Archdiocese of Baltimore to hold virtual town-hall meetings for input on sexual abuse crisis

Archbishop William E. Lori spent the five weeks after the release of a Pennsylvania grand jury report listening to clergy, seminarians, educators and laity with meetings, listening sessions and chatting with parishioners after Mass on at least eight occasions.

The grand jury report – on the heels of reports of abuse by Archbishop Theodore McCarrick, retired archbishop of Washington who resigned from the rank of cardinal in July – again rocked the Catholic world with wide-ranging reports of sexual abuse of minors over the last seven decades.

“Many Catholics may be bewildered and angry at what’s going on in the church now,” Archbishop Lori said. “As this crisis has deepened, people are demanding action, and action now. You rightly ask what will be done, what will be different, and what is in place to prevent such terrible things from happening again.”

He said, “At every one of my more than 20 gatherings with parishioners, clergy, seminarians, Catholic Center employees, educators, parents, students and others, people have demanded transparency and accountability.

They want to play a more active role in the life of the Church, not only pastorally, but also administratively. Put simply, they don’t trust the bishops or Church leaders to address these issues on their own. I agree.”

The archbishop noted that the U.S. Conference of Catholic Bishops’ Administrative Committee, of which he is a member, announced Sept. 19 new initiatives to promote accountability, including establishing a third-party system for people to report complaints of sexual abuse of minors by a bishop and sexual harassment of or sexual misconduct with adults by a bishop; instructing a USCCB committee to develop policies for addressing restrictions on bishops who were removed or resigned because of allegations of sexual abuse of minors or sexual harassment of or misconduct with adults, including seminarians and priests; and supporting a full investigation into the situation surrounding Archbishop McCarrick.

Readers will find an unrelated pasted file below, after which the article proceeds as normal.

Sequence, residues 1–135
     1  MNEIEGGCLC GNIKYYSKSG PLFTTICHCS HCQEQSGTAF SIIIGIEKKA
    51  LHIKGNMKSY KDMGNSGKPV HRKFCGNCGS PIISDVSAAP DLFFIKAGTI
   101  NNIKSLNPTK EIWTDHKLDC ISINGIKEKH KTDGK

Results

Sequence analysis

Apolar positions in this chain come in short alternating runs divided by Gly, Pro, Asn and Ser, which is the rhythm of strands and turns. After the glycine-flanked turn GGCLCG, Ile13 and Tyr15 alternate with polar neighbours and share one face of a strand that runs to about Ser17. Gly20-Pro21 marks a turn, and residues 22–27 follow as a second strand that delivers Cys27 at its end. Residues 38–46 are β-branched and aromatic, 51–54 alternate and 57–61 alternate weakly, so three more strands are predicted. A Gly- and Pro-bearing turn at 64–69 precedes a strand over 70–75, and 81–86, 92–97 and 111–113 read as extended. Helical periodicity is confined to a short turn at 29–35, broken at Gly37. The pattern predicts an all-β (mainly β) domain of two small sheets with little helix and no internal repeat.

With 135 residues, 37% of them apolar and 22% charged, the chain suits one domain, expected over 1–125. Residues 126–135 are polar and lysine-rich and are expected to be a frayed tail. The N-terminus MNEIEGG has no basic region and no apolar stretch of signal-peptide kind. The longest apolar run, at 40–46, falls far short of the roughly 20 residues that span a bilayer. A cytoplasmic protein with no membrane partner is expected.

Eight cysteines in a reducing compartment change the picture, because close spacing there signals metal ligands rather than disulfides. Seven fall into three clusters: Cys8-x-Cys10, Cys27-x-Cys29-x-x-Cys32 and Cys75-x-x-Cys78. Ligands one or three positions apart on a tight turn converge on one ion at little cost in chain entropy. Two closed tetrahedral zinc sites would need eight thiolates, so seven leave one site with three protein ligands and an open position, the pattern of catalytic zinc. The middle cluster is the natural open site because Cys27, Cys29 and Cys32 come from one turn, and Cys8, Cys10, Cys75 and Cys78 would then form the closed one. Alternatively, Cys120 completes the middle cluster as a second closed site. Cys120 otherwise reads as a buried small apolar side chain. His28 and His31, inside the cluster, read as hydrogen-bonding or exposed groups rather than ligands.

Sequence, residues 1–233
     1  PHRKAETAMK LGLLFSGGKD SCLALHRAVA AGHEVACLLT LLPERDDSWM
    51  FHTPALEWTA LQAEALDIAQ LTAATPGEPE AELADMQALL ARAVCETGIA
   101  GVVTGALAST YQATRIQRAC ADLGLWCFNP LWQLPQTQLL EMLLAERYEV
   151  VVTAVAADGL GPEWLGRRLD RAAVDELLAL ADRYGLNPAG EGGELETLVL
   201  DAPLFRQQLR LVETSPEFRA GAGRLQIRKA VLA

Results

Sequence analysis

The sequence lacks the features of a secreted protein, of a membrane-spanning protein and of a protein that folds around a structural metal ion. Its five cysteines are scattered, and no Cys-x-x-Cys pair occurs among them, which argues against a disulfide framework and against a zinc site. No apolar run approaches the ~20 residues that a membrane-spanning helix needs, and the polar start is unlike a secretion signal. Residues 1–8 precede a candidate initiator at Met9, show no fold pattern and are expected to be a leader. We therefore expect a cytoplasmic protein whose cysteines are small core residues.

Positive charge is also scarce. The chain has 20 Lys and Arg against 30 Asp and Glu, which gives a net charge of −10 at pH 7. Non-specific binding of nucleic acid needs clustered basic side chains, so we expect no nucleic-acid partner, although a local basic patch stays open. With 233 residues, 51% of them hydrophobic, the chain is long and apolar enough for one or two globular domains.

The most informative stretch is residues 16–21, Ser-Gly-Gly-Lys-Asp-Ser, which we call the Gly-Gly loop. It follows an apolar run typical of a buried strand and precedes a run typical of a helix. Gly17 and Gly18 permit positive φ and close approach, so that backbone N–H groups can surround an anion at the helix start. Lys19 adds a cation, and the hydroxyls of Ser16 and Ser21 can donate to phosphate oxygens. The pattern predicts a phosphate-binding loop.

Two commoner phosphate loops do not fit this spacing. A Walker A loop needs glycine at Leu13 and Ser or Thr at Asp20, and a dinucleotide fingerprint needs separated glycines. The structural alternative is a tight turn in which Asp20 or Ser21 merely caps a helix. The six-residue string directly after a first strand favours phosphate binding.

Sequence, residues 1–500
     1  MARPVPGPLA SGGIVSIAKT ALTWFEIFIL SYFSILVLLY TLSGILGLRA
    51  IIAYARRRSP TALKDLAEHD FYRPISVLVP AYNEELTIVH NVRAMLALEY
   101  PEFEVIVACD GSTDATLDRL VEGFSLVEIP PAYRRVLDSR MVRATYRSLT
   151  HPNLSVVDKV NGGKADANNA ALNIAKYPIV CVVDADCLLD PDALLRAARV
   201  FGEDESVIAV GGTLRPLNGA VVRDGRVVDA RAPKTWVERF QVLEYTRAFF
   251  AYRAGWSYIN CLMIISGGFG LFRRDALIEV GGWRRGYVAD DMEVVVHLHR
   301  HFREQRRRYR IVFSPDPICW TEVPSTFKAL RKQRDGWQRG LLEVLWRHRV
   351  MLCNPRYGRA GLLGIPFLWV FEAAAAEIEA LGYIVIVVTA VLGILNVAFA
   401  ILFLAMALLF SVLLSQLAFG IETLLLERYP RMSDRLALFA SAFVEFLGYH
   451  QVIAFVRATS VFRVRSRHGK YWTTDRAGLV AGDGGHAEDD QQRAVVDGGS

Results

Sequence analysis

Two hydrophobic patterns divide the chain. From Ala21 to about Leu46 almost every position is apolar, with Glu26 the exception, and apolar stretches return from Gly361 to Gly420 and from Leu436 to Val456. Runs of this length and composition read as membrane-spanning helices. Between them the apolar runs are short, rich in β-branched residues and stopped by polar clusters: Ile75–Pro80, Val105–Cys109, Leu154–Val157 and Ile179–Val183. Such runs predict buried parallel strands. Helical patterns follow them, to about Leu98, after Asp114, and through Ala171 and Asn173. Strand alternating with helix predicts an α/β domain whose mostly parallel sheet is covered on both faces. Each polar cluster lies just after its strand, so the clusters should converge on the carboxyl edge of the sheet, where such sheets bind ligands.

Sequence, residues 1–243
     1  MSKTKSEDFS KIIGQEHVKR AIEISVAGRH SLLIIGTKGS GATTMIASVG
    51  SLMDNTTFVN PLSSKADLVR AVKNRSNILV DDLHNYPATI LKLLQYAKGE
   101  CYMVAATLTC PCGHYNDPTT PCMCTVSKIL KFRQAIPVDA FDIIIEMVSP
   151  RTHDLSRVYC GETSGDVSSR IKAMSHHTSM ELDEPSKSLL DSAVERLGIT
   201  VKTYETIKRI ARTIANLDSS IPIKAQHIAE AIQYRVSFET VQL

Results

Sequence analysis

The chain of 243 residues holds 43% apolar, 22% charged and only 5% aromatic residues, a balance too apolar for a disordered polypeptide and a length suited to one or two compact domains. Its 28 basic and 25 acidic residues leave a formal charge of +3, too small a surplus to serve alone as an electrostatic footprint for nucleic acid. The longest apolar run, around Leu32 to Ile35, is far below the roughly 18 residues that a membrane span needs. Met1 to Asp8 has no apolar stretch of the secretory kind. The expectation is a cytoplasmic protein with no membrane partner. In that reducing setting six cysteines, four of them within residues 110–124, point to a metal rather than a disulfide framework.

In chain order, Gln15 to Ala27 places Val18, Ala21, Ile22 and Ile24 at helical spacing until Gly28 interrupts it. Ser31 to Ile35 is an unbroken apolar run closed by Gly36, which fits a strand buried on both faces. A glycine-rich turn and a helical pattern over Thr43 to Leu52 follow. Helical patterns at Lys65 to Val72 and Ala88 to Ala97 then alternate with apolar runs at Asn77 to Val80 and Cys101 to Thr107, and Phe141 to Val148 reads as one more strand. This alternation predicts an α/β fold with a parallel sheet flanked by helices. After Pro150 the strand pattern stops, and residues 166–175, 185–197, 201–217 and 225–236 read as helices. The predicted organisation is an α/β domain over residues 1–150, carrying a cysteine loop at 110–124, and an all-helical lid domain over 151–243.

Archbishop Lori said he regretted that he could not meet with every parishioner in the archdiocese, noting that three regional listening sessions were a way to engage with school personnel and leaders from as many parishes as possible as quickly as possible.

He encouraged pastors to hold local listening sessions and said that the archdiocese’s auxiliary bishops could be available to attend some of those meetings.

“Because we were not able to invite everyone to the regional conversations we have already held, we are using two communications platforms – MyParish app and Flocknote – to facilitate conversations and solicit input from the wider archdiocesan community surrounding specific issues related to the abuse crisis,” the archbishop said.

“Conversation can’t be just one-way. You have heard enough from me. I want to hear from you,” he said.

Flocknote is an email and text message tool created for use in Catholic ministries. MyParish App is a phone-based app which has event scheduling, Catholic prayers and other communication options for parishes. Both communications platforms are provided to all the parishes in the archdiocese by the Archdiocese of Baltimore in coordination with the Catholic Review.

The virtual town halls will present information from Archbishop Lori and ask parishioners to reflect on the same questions that have been asked at regional listening sessions. Users will be able to respond to the questions in either platform and see the comments of others in the discussion.

The virtual town halls are scheduled to launch Sept. 23. Those signed up will receive notifications when the discussions are open for comment.

Parishioners who wish to ensure that they can participate in the discussion can sign up for Flocknote to receive email/text messages by texting TOWNHALL to 84576 (202-765-3441 for Spanish) or join via the web.

Those who wish to participate via MyParish app can search for “My Parish” on the Apple iOS Store or Google Play. To join the discussion group, tap on the “Groups” button, search for the Archbishop Lori Town Hall group and join, or join via the web.

 

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Catholic Review Staff

Catholic Review Staff

The Catholic Review is the official publication of the Archdiocese of Baltimore.